Language learning evolution

29th May 1998 at 01:00
Charles Darwin school is one of 48 chosen to help bridge education's great divide. Chris Johnston reports

WOULD pupils' apathy towards learning modern languages disappear if a class could see and hear a gendarme from Toulouse - and then ask him questions - without leaving the school?

Recent research suggests pupils do not enjoy learning French and German, but teachers at Charles Darwin school on the edge of London hope to change that when a project using information and communications technology for language teaching gets under way.

The scheme is one of 48 announced last week by Stephen Byers, the school standards minister, which aims to break down traditional barriers between independent and state schools. The Sutton Trust, which wants to improve educational opportunities, is contributing pound;250,000 of the total pound;600,000 funding.

Charles Darwin, a large grant-maintained comprehensive in the borough of Bromley, will work with Combe Bank and Babington House independent schools to boost standards in modern languages. The project has been awarded pound;12,500 of the pound;600,000, which will be used to buy computers and to set up video-conferencing links between the schools.

Craig Channell, the assistant head, said independent schools were keen to get involved. They had long had close links with schools in Europe, while Charles Darwin has extensive information technology infrastructure and expertise. He added that conventional video-conferencing links using high-quality but relatively expensive high-speed ISDN phone lines will be used for classroom teaching, which might involve guest speakers such as police officers from European countries. Software that uses the Internet for the cost of a local call will allow pupils to chat with European counterparts.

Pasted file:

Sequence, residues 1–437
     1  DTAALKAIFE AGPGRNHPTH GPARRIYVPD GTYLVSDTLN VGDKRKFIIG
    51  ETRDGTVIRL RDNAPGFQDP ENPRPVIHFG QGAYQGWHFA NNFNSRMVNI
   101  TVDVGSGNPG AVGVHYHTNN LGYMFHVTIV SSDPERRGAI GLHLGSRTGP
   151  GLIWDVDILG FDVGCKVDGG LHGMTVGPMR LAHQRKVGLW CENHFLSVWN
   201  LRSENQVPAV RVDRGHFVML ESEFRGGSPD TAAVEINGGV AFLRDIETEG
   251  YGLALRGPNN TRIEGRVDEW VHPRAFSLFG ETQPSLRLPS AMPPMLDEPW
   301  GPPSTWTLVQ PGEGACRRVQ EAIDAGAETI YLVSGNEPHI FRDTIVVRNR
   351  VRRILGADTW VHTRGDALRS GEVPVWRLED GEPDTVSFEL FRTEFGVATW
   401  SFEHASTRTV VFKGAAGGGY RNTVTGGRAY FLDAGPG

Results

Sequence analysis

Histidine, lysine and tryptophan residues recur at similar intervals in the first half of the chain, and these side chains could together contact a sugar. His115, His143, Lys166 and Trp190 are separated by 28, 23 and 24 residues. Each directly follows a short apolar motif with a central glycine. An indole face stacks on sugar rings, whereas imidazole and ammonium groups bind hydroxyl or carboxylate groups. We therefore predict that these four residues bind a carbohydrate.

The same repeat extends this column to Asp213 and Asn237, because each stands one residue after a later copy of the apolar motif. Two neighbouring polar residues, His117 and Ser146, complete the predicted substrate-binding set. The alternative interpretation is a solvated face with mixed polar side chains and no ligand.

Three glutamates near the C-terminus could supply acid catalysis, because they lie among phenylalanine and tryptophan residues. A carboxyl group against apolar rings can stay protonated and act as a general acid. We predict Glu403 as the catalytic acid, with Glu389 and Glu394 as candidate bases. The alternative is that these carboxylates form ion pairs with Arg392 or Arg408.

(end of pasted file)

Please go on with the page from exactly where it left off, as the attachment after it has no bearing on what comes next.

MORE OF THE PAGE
Regular inter-school debates on social, economic and cultural issues are planned. Language clinics will help pupils with homework. Headteacher Rob Higgins said: "We're breaking down barriers, not just between nations but in this country as well. I hope that by doing things like this the stateindependent divide will eventually become redundant."

The three schools hope that the project will increase motivation for modern foreign language pupils and boost exam results.

Stephen Byers said the 48 schemes being funded would enhance educational opportunities for more than 11,000 pupils and help to raise standards. "Old divisions have to be put to one side if we are serious about learning from what works well. Independent and state schools have much to learn from each other," he said.

The minister also published the interim report of the Advisory Group on IndependentState School Partnerships last week. The group - with its long-term aim of promoting a culture change - will make detailed recommendations by the end of July.

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